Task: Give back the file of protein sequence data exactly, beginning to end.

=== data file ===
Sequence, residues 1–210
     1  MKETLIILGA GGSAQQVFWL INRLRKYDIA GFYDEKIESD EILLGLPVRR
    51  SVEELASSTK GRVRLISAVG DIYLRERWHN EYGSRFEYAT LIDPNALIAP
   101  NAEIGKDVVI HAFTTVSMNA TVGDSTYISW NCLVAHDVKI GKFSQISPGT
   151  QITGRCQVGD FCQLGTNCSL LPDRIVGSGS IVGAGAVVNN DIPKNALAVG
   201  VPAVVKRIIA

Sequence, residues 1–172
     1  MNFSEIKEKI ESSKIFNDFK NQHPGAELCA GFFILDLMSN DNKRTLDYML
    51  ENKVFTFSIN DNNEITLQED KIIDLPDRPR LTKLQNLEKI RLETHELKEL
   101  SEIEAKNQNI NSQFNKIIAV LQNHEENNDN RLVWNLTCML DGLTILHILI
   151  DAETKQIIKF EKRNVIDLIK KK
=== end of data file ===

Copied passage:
Sequence, residues 1–210
     1  MKETLIILGA GGSAQQVFWL INRLRKYDIA GFYDEKIESD EILLGLPVRR
    51  SVEELASSTK GRVRLISAVG DIYLRERWHN EYGSRFEYAT LIDPNALIAP
   101  NAEIGKDVVI HAFTTVSMNA TVGDSTYISW NCLVAHDVKI GKFSQISPGT
   151  QITGRCQVGD FCQLGTNCSL LPDRIVGSGS IVGAGAVVNN DIPKNALAVG
   201  VPAVVKRIIA

Sequence, residues 1–172
     1  MNFSEIKEKI ESSKIFNDFK NQHPGAELCA GFFILDLMSN DNKRTLDYML
    51  ENKVFTFSIN DNNEITLQED KIIDLPDRPR LTKLQNLEKI RLETHELKEL
   101  SEIEAKNQNI NSQFNKIIAV LQNHEENNDN RLVWNLTCML DGLTILHILI
   151  DAETKQIIKF EKRNVIDLIK KK